After fighting addiction for 21 years, Toledo resident Richard Dugan is finally clean.
Through 15 months of intensive therapy and frequent trips to the methadone clinic, he’s kicked his heroin habit and started working 30 hours a week.
But last week, when the U.S. Justice Department said it will no longer defend key components of the Affordable Care Act intended to protect patients with pre-existing conditions, Dugan began to worry that his life would unravel again.
“If they take away my benefits, then I’m definitely in trouble,” Dugan said. “I’m just getting back on my feet. I don’t need all that.”
The department’s decision to side with Texas and 19 other states in a case filed in federal district court in Fort Worth threatens Lucas County residents with pre-existing conditions, and health-care service providers like the Zepf Center, the Toledo-based behavioral health non-profit where Dugan went for treatment.
VIDEO: Richard Dugan
If the court rules against the ACA’s patient protections and individual mandate, insurance companies would be allowed to charge prices unaffordable to people like Dugan with pre-existing conditions including substance addiction, asthma, diabetes, and cancer.
Dugan makes $11 an hour working at Tim Horton’s and as an RA at the Zepf Center. After paying rent and child support, he wouldn’t be able to afford the methadone and other medicine he depends on without coverage, he said.
Richard Dugan, a recovering drug addict, says recent challenges to the Affordable Care Act's protections for people with pre-existing conditions could change their ability to access behavioral health services.
Scott Sylak, executive director of the Lucas County Mental Health and Services Board, said that the ACA’s expansion of Medicaid, which was also challenged by the Texas suit, has freed up funding for the board to offer wide-ranging services beyond just standard health care to the 32,000 county residents in its system.
“If the potential loss of expansion would occur, that would severely restrict the board’s ability to fund services beyond our required treatment continuum,” Mr. Sylak said. “Things like justice reform, things like housing, all those things would be compromised because we’d have to funnel towards treatment services that are covered by Medicaid currently.”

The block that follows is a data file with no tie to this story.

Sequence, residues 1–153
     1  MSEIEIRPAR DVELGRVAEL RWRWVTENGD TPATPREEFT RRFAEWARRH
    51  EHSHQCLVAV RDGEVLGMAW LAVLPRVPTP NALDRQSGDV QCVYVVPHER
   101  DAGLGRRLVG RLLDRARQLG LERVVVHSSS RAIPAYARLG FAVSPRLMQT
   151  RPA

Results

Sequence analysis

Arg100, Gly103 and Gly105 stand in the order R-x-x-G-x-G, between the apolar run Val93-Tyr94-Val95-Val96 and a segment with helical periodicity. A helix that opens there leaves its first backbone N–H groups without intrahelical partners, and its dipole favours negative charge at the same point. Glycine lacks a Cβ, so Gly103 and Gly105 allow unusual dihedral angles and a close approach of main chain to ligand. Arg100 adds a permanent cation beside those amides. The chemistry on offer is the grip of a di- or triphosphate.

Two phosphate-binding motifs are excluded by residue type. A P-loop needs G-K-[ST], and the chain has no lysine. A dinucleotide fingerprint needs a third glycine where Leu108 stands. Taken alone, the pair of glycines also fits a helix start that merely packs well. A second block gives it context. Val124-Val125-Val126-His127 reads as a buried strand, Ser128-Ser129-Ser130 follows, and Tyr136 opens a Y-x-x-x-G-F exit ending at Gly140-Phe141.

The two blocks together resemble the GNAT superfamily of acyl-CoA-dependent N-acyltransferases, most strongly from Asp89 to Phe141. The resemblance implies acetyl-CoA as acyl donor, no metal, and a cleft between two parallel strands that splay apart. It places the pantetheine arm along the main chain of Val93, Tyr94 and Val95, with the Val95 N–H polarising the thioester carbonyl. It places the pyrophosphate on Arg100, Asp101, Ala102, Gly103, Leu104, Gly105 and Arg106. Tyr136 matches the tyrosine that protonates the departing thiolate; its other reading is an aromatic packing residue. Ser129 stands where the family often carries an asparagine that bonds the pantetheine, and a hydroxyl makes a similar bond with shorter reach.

Mr. Sylak added that if patient protections for consumers dealing with substance abuse were revoked, addiction prevention services funded by the board would suffer.
“Policymakers who go on record saying we want to address the heroin and opioid epidemic but then say in the same breath we want to eliminate Medicaid expansion aren’t looking at the whole picture,” he said. “That is a big concern for the board.”
Zepf Center CEO Deb Flores said the ACA’s protections have allowed her organization’s treatment centers to become more accessible and invest in publicity.
“People who previously didn’t have health care wouldn’t have come in because they didn’t think they could get treatment,” she said. “It’s opened up awareness.”
The decision to join the case in Texas is a rare departure from the justice department’s practice of defending federal laws in court.
Attorney General Jeff Sessions said in a letter to Congress last week that President Trump approved the legal strategy.
Texas and other Republican-led states are suing to strike down the entire law after Congress recently repealed a provision that people without health insurance must pay a fine. The repeal takes effect next year.
Texas has argued that, without the fine in place, the requirement to have health insurance is unconstitutional and the entire law should be struck down.
Rea Hederman, vice president of policy at The Buckeye Institute, said the Affordable Care Act in a broader sense has hampered Ohio’s health insurance market.
The number of companies offering health insurance in Ohio has dropped from 17 in Ohio in 2016 to eight this year, according to the Ohio Department of Insurance.
“Because we’ve had very few benefit regulations, insurers have raised premiums or left the market altogether,” Mr. Hederman said.
For now the signature Obama-era law remains in place, and as Texas vs. U.S. plays out in court, Dugan wonders about how the outcome of the case could define his recovery.
“My addiction was getting out of control, I was stealing from my family, I was stealing to support my habit, I was facing jail time, and people didn’t want me around,” he said. “I finally got my kids’ respect back.”
Blade news services contributed to this report.
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